The test subject is instructed to use only one hand, to engage (preferably, depressor the first switch 1 until the second visual indicator 5 is activated, then to disengage (preferably, cease depressing) the first switch 1, and subsequently to engage (preferably, press) the second switch 3. When the first switch 1 is engaged, a constant visual signal is displayed by the first visual indicator 4, i.e., preferably the green light-emitting diode is continuously illuminated.
The microcontroller 2 is programmed to generate an electrical signal that activates the second visual indicator 5 at a random time between a first period, preferably three seconds, and a longer second period, preferably ten seconds, after engagement of the first switch 1.
The microcontroller 2 is further programmed to measure the duration of time between activation of the second visual indicator 5 and engagement of the second switch 3. (The time that it takes a subject to recognize that the second visual indicator 5 has been activated is termed the “perception time,” and the time required for the subject to disengage the first switch 1 and engage the second switch 3 is called the “reaction time.” The combination of the perception time and the reaction time is denominated the “reflex time.” It is the reflex time that is measured by the microcontroller 2.)
A required benchmark reflex time is programmed into the microcontroller 2. Preferably, the microcontroller 2 is programmed with multiple (preferably, three) benchmark reflex times. The operator of the Reflex Timing Device can utilize any device that is well known in the art to select the desired benchmark reflex time to be used; preferably, the operator appropriately positions one or more microswitches 8 (preferably, two) that are in electrical communication with the microcontroller 2; and preferably each microswitch 8 has two possible settings.
The microcontroller 2 is further programmed to compare the measured reflex time against the selected benchmark reflex time. And the microcontroller is additionally programmed so that if the subject does not disengage the first switch 1 until the second visual indicator 5 has been activated and if the subject also engages the second switch 3 within the selected benchmark reflex time, a signal indicating success will be produced, preferably a signal that will intermittently activate the first visual indicator 4 (preferably, cause the green light-emitting diode to flash). Otherwise, the program will cause the microcontroller to generate a signal indicating failure, preferably a signal that will intermittently activate the second visual indicator 5 (preferably, cause the red light-emitting diode to flash).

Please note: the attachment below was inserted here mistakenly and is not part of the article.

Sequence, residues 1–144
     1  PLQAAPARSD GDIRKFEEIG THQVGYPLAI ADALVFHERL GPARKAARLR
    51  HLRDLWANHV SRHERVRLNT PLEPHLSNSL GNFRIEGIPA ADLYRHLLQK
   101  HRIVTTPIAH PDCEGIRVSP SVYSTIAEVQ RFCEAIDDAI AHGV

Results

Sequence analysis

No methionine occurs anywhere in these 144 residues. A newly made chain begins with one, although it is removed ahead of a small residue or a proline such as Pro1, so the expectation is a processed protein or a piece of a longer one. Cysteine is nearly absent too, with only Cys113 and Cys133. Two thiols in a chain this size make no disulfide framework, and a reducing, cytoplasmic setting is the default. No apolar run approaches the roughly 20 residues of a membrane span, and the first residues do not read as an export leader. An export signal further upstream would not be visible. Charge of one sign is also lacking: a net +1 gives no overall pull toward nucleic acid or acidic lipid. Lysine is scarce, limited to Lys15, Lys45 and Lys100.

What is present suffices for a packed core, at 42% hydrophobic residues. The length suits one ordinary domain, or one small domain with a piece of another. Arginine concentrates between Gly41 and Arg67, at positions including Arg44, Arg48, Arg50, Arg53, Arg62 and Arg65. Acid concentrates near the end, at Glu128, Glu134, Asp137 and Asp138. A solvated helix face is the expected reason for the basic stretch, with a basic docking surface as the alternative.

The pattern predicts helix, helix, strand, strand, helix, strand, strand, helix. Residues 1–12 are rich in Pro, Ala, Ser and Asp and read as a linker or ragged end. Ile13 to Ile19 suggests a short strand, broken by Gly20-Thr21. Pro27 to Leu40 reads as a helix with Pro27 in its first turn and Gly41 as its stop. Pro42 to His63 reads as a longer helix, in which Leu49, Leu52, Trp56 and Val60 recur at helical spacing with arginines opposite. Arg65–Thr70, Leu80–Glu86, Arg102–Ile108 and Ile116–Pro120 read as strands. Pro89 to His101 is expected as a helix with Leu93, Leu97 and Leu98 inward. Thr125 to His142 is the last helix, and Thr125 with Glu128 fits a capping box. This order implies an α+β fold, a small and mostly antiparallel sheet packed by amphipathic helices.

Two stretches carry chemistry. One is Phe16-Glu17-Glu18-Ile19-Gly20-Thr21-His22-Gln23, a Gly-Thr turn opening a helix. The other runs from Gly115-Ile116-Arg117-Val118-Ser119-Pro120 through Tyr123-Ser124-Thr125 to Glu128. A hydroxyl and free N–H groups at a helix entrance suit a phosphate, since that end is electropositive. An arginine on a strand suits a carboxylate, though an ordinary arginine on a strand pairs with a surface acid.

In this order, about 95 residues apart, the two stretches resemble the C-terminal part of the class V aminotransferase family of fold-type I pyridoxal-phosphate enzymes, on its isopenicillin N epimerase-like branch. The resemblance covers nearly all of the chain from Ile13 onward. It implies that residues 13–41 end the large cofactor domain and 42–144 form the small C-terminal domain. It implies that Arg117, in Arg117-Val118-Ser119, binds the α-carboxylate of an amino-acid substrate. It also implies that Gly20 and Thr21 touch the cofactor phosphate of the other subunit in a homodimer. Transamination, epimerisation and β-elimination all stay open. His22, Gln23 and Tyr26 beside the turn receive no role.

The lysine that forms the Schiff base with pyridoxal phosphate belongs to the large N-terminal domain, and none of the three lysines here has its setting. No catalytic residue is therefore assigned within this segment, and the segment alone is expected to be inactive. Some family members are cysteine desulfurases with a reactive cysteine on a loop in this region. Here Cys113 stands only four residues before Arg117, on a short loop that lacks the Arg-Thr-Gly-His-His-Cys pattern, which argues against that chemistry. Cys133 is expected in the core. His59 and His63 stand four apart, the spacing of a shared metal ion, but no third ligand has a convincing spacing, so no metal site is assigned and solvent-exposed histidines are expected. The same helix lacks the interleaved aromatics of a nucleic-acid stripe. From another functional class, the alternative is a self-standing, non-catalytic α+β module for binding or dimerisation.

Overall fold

Finally, the microcontroller 2 is programmed so that simultaneous engagement of the first switch 1 and the second switch 3 will cause the microcontroller to deactivate the first visual indicator 4 as well as the second visual indicator 5 and to determine which benchmark reflex time has been selected to serve as the required benchmark reflex time so that the Reflex Timing Device is again ready to be used upon a test subject.
Preferably, a third visual indicator 9, preferably a yellow light-emitting diode will is located electrically so that it will be activated whenever electrical power is supplied to the Reflex Timing Device.
And, as shown in FIG. 2, it is preferable to have a surge suppressor 10 between the microcontroller 2 and both the first switch 1 and the second switch 3.
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|Citing Patent||Filing date||Publication date||Applicant||Title|
|US8177725 *||Apr 21, 2010||May 15, 2012||Turner Daryl V||Reflexometry and hormone function|
|US20100204607 *||Aug 12, 2010||Daag International, Inc.||Reflexometry and hormone function|
|Jan 10, 2005||FPAY||Fee payment|
Year of fee payment: 4
|May 4, 2009||REMI||Maintenance fee reminder mailed|
|Oct 23, 2009||LAPS||Lapse for failure to pay maintenance fees|
|Dec 15, 2009||FP||Expired due to failure to pay maintenance fee|
Effective date: 20091023